Unless you’ve been disconnected from the Internet, you probably know that over the next few weeks, Gmail will be rolling out a new feature for sorting incoming messages.
Launched in 2004, Gmail has become one of Google’s most successful entities outside of its core search and advertising businesses. In fact, Gmail’s steady user growth has proved that email messaging is anything but dying, as many people outside of marketing have claimed. Last summer, Google announced the service had 425 million active users worldwide, up 75 million in just half a year. While Google consistently remains agile, tech analysts have said it’s particularly important for the company to keep upgrading its email features if it wants to beat its competitors.
While many users are comfortable with the archaic method of categorizing via folders, Gmail offers labels for email filtering. To prevent users from feeling overwhelmed by the constant influx of email messages, Google will now give Gmail users the option to organize these messages into categories based on the type of message:
- Primary: Messages from family, friends and other people who appear to be regularly contacted (plus messages that don’t fit into the other groupings).
- Social: Messages from social media networks, dating services, etc. Here you’ll see, “So and so has sent you a direct message on Twitter.”
- Promotions: This is where sale notifications from retailers, daily deals and so on will be sorted.
- Updates: Many of the unexciting but important things wind up here, including bills, statements, receipts, order confirmations, etc.
- Forums: Messages from discussion boards, online groups and mailing lists go in this category.
Google revolutionized email with unlimited storage space, and the new filtering capabilities add another layer to the user experience. The inbox organization groups are optional, and users can choose which of the five categories, if any, they want to use. In a competitive playing field, companies must remain innovative and services relevant. Google understands that email is used multiple times a day, every day, and if it doesn’t make users’ lives easier, they will find another solution that does.
For instance, Gmail’s new inbox feature will enable users to personalize their inbox by customizing which tabs are seen and train the categories to automatically sort the emails correctly. However, the feature to create new tabs is in the pipeline, but is not yet available. Currently, users can drag messages between categories or flag email from certain senders to always appear in designated tabs.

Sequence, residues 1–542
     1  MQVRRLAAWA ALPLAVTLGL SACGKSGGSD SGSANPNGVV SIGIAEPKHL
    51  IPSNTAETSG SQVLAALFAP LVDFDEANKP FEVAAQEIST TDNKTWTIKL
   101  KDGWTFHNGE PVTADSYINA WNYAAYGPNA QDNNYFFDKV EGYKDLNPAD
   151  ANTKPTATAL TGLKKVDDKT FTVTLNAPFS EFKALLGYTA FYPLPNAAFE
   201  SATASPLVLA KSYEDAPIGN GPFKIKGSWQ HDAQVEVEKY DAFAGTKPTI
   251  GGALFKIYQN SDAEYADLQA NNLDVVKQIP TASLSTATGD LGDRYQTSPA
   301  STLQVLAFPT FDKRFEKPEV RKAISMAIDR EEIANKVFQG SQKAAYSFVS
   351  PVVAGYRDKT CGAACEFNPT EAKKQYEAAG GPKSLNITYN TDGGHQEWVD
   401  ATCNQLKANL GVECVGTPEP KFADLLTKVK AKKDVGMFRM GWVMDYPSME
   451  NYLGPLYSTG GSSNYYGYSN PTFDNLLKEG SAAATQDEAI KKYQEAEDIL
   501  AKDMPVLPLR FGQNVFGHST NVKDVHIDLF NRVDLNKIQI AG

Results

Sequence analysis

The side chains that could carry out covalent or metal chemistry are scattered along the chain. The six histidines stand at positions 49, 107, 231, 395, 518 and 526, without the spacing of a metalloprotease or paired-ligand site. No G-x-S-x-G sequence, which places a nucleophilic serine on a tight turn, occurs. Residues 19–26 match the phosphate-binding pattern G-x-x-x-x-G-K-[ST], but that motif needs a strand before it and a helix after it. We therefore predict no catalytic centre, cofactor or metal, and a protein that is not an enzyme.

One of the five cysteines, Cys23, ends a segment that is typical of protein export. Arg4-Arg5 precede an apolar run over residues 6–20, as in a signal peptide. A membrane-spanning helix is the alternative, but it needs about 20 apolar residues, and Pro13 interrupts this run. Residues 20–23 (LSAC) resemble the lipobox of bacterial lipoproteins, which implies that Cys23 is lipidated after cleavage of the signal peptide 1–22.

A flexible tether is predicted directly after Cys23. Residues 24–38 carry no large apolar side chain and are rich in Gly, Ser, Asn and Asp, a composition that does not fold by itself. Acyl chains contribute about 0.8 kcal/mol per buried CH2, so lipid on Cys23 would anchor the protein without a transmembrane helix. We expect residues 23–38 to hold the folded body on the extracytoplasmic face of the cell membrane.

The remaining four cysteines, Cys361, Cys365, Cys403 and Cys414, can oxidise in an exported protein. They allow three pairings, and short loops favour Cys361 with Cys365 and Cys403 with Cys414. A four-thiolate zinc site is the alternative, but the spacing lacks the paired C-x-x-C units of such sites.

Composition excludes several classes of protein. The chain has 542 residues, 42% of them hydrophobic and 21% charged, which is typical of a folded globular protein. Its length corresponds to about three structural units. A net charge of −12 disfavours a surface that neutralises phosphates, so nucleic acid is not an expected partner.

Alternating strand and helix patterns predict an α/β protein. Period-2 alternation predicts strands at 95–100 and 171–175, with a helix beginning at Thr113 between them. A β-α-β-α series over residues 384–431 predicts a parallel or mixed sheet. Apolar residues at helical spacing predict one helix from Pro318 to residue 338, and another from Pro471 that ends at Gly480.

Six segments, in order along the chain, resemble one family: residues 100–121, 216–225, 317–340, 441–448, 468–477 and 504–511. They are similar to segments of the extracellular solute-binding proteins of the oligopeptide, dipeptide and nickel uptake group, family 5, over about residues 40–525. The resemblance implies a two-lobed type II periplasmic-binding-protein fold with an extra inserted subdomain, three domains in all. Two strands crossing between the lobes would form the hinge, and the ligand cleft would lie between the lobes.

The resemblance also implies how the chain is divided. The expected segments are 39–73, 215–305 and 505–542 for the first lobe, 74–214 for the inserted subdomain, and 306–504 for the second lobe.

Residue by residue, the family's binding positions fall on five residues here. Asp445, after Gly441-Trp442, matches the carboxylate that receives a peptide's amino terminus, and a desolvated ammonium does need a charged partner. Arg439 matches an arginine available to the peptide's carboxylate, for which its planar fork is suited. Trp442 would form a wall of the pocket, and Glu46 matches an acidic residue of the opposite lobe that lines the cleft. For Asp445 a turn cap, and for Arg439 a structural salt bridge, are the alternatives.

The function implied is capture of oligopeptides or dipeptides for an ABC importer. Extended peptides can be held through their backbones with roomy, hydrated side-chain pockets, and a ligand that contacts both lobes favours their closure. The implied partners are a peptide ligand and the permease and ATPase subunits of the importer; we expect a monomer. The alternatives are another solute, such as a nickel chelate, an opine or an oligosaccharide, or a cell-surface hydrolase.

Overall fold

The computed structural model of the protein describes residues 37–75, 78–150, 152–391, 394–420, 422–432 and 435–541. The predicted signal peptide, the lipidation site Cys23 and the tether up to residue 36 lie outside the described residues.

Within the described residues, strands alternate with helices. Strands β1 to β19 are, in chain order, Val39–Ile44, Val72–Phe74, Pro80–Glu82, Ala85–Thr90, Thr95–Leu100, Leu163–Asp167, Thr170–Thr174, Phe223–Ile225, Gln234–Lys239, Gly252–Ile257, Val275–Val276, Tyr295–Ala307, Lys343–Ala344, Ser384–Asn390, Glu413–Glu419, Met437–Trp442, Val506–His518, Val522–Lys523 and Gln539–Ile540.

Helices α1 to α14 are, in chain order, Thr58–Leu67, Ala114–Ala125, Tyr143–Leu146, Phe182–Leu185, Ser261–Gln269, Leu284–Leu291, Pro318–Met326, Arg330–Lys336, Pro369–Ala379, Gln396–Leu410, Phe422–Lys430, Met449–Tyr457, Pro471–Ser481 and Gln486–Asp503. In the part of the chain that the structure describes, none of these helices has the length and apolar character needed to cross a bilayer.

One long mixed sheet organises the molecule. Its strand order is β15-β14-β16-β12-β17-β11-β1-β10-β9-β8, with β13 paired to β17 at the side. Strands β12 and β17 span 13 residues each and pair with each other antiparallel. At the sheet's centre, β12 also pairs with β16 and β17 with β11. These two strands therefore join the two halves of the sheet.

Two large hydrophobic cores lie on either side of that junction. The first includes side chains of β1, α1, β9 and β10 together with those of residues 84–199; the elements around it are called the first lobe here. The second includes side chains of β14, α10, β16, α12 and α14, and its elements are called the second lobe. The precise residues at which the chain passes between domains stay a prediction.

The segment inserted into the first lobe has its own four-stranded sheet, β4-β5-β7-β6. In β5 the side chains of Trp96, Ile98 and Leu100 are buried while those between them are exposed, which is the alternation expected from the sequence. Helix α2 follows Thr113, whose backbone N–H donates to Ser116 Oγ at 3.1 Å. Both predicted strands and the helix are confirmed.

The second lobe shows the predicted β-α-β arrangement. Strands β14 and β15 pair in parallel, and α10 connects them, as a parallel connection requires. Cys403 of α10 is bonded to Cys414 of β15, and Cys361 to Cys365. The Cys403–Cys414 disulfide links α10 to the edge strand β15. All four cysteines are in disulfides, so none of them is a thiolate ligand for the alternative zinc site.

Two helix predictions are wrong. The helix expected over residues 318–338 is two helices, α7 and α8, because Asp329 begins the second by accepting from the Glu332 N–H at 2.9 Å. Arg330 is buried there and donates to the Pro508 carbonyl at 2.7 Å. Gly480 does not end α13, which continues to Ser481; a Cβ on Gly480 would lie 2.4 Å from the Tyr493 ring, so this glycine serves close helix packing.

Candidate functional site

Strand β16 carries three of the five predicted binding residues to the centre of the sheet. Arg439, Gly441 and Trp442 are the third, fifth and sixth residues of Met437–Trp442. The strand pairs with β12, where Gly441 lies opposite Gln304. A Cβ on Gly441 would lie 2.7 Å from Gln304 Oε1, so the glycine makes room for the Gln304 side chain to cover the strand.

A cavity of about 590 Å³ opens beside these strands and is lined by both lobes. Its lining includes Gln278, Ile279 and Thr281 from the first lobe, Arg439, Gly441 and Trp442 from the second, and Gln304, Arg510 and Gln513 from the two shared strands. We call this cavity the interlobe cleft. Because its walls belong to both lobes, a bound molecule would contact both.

Will This Change, Help or Hinder Marketers?
As Gmail gradually rolls out this new sorting feature, keep an eye on inboxing and email engagement rates to monitor any sort of fluctuations. These are our initial predictions at Yesmail:
- According to Yesmail’s research, standard inboxing versus bulking detection won’t change because Gmail will still offer its standard spam folder.
- Increased email organization can result in increased engagement rates for marketers’ active subscriber base, since brand messages will be easier to locate and less likely to get lost in a crowded inbox. Active subscribers who look for messages from a certain brand may set up filters so they can easily access that brand’s emails in the users’ a preferred folder.
- On the other hand, improved email organization could potentially lead to lower engagement rates for less active subscribers who have become inactive over time or were inactive since subscribing to a brand’s specific email program. These unengaged subscribers will have the option to place a certain brand’s messages in a folder that users look at even less frequently—or ignore altogether.
It’s unclear exactly how these changes will impact email marketers until analysis is conducted around engagement levels, but the new filtering option is sure to help Gmail users easily find the emails they want while weeding out those that do not apply. Perhaps Gmail is a solution for both users and marketers to find their best match. Google predicts the new efficiency system may not attract new users, but it will certainly solidify Gmail’s position as one of the most innovative, efficient emailing services.